Intellectual or stupid dumbass?

Jodi said tonight that she doesn’t think I’m as much of an intellectual as I used to be because I don’t read nonfiction as much as I used to. (I do watch philosophy lectures on DVD as I fold laundry, I’ve been watching a four-hour series on the construction of skyscrapers, and I almost always have a book on tape — although those have tended to be fiction since I’ve listened to many of the library’s good NF audio already.)

So, anyone got any suggestions? I guess she didn’t notice when I was trying to wrap my brain around Brian Greene’s The Elegant Universe, but I do like expository science essays in the tradition of Asimov and Clarke. Maybe I should give Guns, Germs and Steel another try. What else would you recommend to someone who wants to read intellectual stuff that’s interesting and well-written?

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11 Comments

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11 responses to “Intellectual or stupid dumbass?

  1. cbustapeck

    I’ve enjoyed everything by Simon Winchester so far. He really knows how to connect the entire factual backstory.

    On the other hand, if you are looking for something that is more of a travelish while still being deeply rooted in history type experience, William Least-Heat Moon is quite wonderful.

  2. sylvar

    Cool, thanks.

  3. loucheroo

    honestly? i’d recommend (sorry jodi) that you raed what interests you and not worry about trying to be intellectual *shrug* you’re a way cool guy — just be you

  4. cardinalximinez

    Yeah, just do what makes you happy. You don’t have to prove anything to anyone.

  5. meander112

    I agree with the “be happy” comments, but the first thing that I thought of when you asked for suggestions was stuff by a guy naned Panati, I think. He wrote a book called Panati’s Extraordinary Endings of Practically Everything and Everybody. I don’t know how “intellectual” it is but it’s a great read and his other books sound very keen.

  6. osh1013

    doesn’t think I’m as much of an intellectual as I used to be because I don’t read nonfiction as much as I used to.

    This makes as much sense as if I didn’t think you were as much of a horse anymore because you don’t ride merry-go-rounds as much as you used to.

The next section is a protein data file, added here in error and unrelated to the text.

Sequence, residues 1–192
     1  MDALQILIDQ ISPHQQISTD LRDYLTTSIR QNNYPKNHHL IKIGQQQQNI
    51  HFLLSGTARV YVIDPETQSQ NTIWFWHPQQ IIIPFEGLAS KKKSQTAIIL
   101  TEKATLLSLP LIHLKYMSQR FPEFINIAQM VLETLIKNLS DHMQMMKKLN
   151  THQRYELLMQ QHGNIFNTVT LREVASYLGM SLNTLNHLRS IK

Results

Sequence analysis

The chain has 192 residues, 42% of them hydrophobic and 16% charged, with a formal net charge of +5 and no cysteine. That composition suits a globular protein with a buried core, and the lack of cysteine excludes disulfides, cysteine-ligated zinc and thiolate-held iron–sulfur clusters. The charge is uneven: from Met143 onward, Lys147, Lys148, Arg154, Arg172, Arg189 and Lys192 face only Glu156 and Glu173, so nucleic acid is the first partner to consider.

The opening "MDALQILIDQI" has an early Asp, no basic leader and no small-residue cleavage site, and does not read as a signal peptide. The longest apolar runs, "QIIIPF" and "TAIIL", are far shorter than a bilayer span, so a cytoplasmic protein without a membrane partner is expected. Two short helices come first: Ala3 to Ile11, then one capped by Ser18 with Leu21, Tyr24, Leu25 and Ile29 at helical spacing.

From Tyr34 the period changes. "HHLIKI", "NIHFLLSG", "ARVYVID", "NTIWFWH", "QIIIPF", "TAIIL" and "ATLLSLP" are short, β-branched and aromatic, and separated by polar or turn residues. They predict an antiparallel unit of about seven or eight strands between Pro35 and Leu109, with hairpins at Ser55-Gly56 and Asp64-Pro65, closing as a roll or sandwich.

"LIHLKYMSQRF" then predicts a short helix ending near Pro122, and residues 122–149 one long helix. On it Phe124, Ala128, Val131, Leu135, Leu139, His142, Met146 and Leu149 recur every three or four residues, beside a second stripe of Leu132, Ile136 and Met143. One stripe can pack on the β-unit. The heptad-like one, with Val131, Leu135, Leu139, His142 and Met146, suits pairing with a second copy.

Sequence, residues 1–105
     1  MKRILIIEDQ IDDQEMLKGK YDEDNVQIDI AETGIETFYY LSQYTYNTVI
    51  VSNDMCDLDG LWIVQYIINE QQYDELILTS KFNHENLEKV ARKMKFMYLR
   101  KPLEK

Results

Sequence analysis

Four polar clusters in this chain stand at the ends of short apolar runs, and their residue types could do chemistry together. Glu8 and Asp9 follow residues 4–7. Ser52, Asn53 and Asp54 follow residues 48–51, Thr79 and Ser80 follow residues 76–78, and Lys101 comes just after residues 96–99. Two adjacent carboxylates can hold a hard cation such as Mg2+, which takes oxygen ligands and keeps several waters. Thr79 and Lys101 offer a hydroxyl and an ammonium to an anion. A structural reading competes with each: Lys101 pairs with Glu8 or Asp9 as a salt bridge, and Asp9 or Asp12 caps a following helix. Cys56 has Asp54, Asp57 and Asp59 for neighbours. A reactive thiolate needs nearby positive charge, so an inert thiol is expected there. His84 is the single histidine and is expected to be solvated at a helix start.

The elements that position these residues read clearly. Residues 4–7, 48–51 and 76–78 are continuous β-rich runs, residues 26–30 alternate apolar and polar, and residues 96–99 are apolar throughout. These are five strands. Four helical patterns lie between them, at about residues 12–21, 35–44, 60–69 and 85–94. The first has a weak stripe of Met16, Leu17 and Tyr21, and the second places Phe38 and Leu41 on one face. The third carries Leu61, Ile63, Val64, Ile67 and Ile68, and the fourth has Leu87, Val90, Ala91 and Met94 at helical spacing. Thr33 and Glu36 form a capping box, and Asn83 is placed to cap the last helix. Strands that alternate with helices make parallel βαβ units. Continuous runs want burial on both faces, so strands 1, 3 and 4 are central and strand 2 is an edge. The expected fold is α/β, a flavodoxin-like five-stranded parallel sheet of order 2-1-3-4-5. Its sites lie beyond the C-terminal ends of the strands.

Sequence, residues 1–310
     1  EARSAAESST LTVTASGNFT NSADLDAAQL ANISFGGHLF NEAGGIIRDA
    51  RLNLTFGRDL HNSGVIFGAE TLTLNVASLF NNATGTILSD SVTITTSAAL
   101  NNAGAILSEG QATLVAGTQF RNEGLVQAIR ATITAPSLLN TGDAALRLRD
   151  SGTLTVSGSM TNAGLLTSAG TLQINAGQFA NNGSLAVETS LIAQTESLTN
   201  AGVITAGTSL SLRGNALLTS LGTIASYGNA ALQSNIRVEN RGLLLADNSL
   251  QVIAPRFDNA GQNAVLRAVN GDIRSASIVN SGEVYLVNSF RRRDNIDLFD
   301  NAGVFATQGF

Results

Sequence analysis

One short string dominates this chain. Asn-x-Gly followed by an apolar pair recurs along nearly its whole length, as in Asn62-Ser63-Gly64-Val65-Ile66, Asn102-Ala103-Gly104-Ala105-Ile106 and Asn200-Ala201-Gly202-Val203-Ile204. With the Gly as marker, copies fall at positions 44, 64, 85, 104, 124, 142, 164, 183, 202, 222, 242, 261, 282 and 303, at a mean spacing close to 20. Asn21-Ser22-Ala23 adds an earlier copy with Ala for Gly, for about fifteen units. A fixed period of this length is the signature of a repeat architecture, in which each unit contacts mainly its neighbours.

Inotherwords, “almost none”, unless one is of the superficial notion that What A Person Is can be defined by One Behavioral Trait.

    So, anyone got any suggestions?

    Literal answer: blow it off, except insofar as she’s your wife and you might be concerned about understanding her worldview.

    Answering what you really asked: I’ll take “What Loucheroo Said” for 1000, Alex. I would suggest “Connections”, except it’s about as good to watch the series as read the book, and apparently the ‘video’ format doesn’t qualify for ‘intellectualness.’ ;)

  7. heathrow

    ITA with Louch, Ed, and !.

    Yes, you’re not reading as many “big” books since you’re in the real world and not in school anymore. It happens.

    I find it rather…off-putting that she would say that. Read what you want anc be happy.

  8. heyharmony

    I don’t think what you read reflects whether or not you are intellectual. I think it’s probably more about how it makes you think, what it sparks, and that sort of thing. Fiction can spark many an intellectual conversation.

  9. segnbora

    Ah, Charles Panati. In addition to Extraordinary Endings, he’s written The Extraordinary Origins of Everyday Things; Browser’s Book of Beginnings; Parade of Fads, Follies, and Manias; Sacred Origins of Profound Things; and Sexy Origins and Intimate Things. Jon and I own most of these, and they have served as sources for short articles for newsletters at work. I don’t know if I’d call them intellectual, since no topic is really covered for longer than a couple of pages and hence all treatments are kind of summaries, but they are lots of fun and very informational.

    But really, I don’t think whether one reads fiction or nonfiction has anything to do with whether one is an intellectual. Chances are I was more intellectual in school, when I read fiction all of my free time, than now when I read rather more nonfiction and even blog it.

  10. myranda

    Amen, sister.

  11. cadrys

    I’ll dogpile in with the rest of the VAX crowd: read (or not) what you please. Intellectualism is a state of mind not defined by what’s currently open on your bedstand.

    Speaketh Becky: “Jodi, get a grip.” I concur.

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